Let’s do some math with Google Spreadsheets. The OG of programming is doing math, and the practice of learning how to do math well, is very similar ot the practice of being a good programmer. Spreadsheets are a handy way to see the connections, and incidentally, if that sort of thing is relevant to you, to learn a tool that lets you do some real fancy math.

Click in any space on the spreadsheet, usually referred to as a “cell.” Just so we are on the same sheet (haha), let’s agree to both click on the top-left cell. Note that when you do this, the A above the cell, and the 1 to its left, both have a slightly darker background color than the other letters and numbers.

In fact, let’s take a minute here to notice these letter and numbers. Any programming you do with Google (or Microsoft) spreadsheets will require you to get very familiar with how these symbols work, and how you are supposed to use them.

Try scrolling as far down and to the right you can. You’ll see that you can get to Z on the right side and to 1,000 vertically. So is that it – do you have 26,000 cells to work with? Not really – you can add more rows and more columns if you want. We don’t yet know how to do that, at least if you haven’t worked with Sheets before, but if you believe me that this is possible, that you can add more rows or columns, it’s logical to ask, Well, *how many more* cells can I add?

Nothing in the product itself immediately answers that question. But you can search on the Internet and find out – what search query will find the right information is left as an exercise for you, but I’ll tell you the answer – at the time I am writing this, Google says you can have no more than 256 columns, or 400,000 cells, whichever limit is reached earlier. (Another exercise is to figure out from these numbers what the maximum number of rows is, that you can add.)

Well, we know something about the limits of these symbols – how “big” they can get. But let’s step back a bit and ask – why are they there at all? Answering that question is really going to be our first foray, I think, into programming proper. But it’ll take us a few steps first to prepare ourselves.

Let’s go back to just doing math – type in a number into the top-left cell, then click to the cell one to the right (which highlights **B** and **1, **respectively, in the column and row symbols) and type in another number. Let’s say you typed in 23, and 52. Now pick a cell to the bottom of these (let’s say you pick cell A2) and click the following menu items: Insert, Function and SUM.

Now, use your mouse and carefully, starting at A1, click down and then drag it across to cell B1. If you didn’t get the sum of 23 and 52, because your mouse was being unreliable, or your cat jumped up onto the keyboard while you were executing this maneuver, don’t worry. Just start again from the beginning – Sheets can be very forgiving!

If you get the sequence of actions right, you’ll see 75 in the cell A2. Now click in this cell (A2) and notice what it says in the “formula bar” above the letters:

=sum(A1:B1)

You essentially wrote a little bit of spreadsheet code, though without knowing that you had! While you got here by using your mouse, you can in fact achieve the same thing by typing those exact same characters into another cell (try it!)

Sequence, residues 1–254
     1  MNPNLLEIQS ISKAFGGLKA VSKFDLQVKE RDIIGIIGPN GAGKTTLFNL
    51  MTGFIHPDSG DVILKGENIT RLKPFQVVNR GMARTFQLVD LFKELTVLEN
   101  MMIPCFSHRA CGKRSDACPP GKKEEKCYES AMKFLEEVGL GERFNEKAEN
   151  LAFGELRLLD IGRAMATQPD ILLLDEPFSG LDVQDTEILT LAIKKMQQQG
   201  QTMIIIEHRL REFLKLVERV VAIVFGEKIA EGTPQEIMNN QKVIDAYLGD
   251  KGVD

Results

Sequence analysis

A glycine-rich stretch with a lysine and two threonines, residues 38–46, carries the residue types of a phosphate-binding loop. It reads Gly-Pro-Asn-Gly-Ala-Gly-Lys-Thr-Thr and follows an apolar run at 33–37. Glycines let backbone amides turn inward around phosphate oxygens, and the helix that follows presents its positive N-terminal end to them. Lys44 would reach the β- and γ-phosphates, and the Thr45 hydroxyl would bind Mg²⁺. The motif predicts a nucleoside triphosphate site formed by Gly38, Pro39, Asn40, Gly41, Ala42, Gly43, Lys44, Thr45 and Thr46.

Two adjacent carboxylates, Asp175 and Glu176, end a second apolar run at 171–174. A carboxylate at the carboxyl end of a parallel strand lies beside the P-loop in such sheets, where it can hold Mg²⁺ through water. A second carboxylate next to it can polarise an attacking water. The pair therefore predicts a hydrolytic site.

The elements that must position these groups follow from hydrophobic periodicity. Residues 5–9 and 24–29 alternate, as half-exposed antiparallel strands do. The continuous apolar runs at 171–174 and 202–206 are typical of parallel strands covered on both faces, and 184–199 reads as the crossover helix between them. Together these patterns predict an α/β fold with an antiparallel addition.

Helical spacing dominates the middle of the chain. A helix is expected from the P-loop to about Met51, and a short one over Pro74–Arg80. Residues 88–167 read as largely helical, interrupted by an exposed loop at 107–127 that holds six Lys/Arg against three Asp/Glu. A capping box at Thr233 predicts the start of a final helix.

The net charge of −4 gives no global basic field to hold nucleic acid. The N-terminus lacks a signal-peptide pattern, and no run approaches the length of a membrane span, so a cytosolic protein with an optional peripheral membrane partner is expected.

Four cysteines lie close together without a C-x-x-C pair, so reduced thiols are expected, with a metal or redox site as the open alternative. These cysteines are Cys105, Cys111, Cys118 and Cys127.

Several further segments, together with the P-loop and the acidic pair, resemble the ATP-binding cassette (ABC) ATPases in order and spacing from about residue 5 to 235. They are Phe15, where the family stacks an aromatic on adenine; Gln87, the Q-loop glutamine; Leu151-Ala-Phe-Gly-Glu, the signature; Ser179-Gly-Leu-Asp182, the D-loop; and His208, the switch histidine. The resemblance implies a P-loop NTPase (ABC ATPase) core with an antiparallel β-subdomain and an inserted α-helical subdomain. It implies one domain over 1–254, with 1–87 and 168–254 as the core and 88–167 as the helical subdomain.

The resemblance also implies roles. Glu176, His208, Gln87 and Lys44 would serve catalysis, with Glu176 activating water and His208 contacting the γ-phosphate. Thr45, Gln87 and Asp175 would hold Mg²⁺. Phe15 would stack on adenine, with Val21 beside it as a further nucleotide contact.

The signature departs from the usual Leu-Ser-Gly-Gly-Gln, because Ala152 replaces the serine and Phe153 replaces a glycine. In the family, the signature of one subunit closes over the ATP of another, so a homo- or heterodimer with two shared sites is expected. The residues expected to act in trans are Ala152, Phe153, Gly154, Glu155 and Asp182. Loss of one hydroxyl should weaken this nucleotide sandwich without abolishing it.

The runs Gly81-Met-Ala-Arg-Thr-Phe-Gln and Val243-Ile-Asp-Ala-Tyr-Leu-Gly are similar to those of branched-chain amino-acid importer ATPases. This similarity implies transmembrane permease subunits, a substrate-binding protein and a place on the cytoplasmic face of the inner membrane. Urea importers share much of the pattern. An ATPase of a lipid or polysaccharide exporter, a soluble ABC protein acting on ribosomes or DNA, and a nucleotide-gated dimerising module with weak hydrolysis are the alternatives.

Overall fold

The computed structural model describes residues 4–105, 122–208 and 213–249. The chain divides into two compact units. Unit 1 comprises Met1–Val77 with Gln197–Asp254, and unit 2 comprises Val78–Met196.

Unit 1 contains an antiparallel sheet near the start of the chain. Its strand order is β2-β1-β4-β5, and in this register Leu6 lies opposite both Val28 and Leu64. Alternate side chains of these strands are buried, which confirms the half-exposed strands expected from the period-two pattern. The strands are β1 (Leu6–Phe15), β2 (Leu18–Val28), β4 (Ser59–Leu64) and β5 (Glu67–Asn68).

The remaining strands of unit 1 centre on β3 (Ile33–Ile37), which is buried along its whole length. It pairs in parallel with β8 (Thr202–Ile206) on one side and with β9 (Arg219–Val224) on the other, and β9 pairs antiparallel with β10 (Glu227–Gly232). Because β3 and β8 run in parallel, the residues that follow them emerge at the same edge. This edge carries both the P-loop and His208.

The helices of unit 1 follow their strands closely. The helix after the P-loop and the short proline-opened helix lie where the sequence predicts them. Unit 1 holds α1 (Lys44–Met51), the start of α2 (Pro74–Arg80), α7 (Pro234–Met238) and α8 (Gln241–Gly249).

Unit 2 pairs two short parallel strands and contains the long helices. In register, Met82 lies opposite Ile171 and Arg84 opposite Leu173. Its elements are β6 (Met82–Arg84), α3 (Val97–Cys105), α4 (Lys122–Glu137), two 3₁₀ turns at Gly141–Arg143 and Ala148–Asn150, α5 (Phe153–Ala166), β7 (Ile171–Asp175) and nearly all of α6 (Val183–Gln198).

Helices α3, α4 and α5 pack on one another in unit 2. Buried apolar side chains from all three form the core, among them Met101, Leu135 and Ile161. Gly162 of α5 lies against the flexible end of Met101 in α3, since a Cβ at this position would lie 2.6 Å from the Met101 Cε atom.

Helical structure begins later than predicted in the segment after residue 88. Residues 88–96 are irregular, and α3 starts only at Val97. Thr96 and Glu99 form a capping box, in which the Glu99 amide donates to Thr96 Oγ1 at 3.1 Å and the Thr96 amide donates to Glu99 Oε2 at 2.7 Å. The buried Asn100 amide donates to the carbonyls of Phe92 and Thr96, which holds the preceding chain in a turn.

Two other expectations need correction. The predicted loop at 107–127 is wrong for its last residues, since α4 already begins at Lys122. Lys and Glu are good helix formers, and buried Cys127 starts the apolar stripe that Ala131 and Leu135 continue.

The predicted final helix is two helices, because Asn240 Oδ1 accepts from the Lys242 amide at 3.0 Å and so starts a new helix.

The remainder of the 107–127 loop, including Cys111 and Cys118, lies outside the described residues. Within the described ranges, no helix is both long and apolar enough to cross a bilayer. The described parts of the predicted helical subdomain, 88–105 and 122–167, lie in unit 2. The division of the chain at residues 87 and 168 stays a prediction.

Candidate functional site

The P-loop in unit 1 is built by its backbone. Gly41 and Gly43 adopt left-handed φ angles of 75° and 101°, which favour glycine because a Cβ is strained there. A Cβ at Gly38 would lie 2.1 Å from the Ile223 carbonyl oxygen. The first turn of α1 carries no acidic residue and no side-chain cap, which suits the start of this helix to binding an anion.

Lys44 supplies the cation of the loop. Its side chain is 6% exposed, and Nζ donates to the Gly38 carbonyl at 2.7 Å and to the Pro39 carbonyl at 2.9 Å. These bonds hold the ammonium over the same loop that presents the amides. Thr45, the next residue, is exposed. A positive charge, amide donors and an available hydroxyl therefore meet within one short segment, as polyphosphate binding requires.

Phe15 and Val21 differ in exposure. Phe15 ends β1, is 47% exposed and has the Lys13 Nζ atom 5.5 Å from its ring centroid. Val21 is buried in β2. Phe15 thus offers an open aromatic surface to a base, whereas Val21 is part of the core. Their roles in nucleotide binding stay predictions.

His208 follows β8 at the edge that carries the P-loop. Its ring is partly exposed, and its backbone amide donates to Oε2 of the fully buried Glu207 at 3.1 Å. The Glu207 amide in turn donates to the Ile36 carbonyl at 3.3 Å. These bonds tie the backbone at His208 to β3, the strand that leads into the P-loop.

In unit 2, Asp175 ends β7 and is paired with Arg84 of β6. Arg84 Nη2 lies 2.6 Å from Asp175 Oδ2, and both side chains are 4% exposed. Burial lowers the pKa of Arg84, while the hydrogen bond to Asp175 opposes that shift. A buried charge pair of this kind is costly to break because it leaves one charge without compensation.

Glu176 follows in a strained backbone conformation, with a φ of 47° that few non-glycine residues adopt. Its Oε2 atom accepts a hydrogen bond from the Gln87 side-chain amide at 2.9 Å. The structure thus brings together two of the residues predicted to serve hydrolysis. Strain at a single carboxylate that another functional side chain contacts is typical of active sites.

Try another formula now in a different cell, say in A3 – perhaps the average of those two numbers in cells A1 and B1. Without looking at the final formula that gets filled in, try to guess what it will look like. If you guessed:

=average(A1:B1)

you are starting to get the hang of this, but don’t worry if you didn’t.

The important thing to notice here is that you can do a lot of the math in a spreadsheet, without using the mouse and menus at all. While it takes some amount of time to first learn how to use a spreadsheet product – what the menu items mean, what types of mathematics you can do, etc. – there’s a whole another layer of coding hidden beneath that one.

The second thing to notice here is the way in which those formula are written. If you guessed the second one correctly, the chances are you saw some of these patterns:

- A formula must start with the ‘=’ sign
- The name of the formula is immediately followed by an opening parenthesis (the ‘(‘ symbol)
- The names of the cells involved are separated by a colon.

This specific set of patterns is called the *syntax* of the language. It’s similar to a set of patterns you learn when you use the menu options – that too is a syntax, a set of rules about which actions to take in sequence that achieve certain results.

This also tells us that when doing math in a spreadsheet, the cell locations are important because the formulae use these cell locations to refer to the values in the cells. Note that the formula didn’t have the actual numbers from the cells in it – instead, it had the names of the cells.

If you go back now into either **A1** or **B1** and change the values, then the cell that has the formula in it will also change accordingly. You don’t have to modify the formula cell any more. The “meaning” of the formula then is, “Compute the sum of A1 and B1, whatever the *current values in those cells are.*”

In our next lesson, we will dig a bit deeper into the concept of the formula syntax.